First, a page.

Fitzgerald hopes the actions in the last year and the promise of Cuyahoga County's future could be an antidote to the cynicism that many have formed.

"Every day it gets harder and harder for them to persist in their view that everything keeps getting worse." FitzGerald said, jokingly. "Only our professional sports teams provide them with support for their depressing view. And, no, I do not have a plan to address that problem."

But FitzGerald did present a 12-point plan to develop growth and community in Cuyahoga County while changing its image. Referencing Cuyahoga County's history, FitzGerald calls his plan for the county's future the Western Reserve Plan.

The first step involves implementing a practical strategy for county government. In a county with some 59 municipalities, FitzGerald said, "It wasn't that the wrong people were in charge of the county. No one was in charge of the county."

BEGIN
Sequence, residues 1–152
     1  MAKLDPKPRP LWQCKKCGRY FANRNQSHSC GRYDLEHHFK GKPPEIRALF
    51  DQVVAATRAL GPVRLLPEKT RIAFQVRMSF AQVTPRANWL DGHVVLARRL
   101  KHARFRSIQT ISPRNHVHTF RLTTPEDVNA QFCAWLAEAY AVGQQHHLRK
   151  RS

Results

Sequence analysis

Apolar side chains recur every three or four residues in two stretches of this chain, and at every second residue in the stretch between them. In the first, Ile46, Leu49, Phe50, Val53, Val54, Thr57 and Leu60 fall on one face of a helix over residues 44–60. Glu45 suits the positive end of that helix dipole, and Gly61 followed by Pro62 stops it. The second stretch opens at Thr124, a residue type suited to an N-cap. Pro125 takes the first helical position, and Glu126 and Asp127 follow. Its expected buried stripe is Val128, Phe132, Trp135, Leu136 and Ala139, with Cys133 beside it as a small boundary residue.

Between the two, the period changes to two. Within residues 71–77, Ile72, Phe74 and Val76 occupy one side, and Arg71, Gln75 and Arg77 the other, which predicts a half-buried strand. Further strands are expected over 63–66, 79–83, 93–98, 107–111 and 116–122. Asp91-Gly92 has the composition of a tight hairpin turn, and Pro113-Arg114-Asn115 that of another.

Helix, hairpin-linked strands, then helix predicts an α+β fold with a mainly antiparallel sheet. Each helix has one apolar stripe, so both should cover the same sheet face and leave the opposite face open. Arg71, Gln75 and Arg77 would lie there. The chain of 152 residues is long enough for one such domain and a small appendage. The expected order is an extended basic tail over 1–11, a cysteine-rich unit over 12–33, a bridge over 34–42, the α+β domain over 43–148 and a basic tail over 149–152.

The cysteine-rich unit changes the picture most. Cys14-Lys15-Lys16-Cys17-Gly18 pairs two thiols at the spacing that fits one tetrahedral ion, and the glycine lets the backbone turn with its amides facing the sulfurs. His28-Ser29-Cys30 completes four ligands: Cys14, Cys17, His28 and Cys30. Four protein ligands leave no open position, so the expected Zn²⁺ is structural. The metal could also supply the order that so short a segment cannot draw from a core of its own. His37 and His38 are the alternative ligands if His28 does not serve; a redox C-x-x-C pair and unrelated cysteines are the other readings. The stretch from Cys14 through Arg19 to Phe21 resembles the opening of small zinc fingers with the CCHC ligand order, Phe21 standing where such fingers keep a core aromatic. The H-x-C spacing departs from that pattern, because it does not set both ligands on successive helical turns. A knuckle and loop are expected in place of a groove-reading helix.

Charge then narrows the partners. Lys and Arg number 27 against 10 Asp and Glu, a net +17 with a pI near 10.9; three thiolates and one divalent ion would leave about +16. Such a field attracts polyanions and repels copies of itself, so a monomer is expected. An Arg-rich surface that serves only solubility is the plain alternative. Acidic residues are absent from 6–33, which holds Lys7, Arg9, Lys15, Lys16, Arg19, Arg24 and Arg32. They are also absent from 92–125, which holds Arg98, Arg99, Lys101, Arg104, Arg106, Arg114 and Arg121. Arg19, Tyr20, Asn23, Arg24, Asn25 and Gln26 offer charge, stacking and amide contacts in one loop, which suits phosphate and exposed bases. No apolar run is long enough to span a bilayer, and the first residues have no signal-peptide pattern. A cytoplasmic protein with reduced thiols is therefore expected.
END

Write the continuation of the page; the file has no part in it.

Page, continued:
The county executive wants to consolidate certain local services, while letting cities retain individual rights and privileges.

"Over time, we will have the prospect of finally becoming a cohesive metropolitan area," he said.

The second point is to establish greater Cleveland for job growth, by making funds available through partnerships. FitzGerald noted, "I'm frequently asked, 'how are we going to bring back the Fortune 500 companies that used to exist here?' It's a great question, but it's the wrong question. They started here. We want to retain the businesses that we have. We also want to become a county that retains and expands our businesses, which will become the Fortune 500 companies of tomorrow."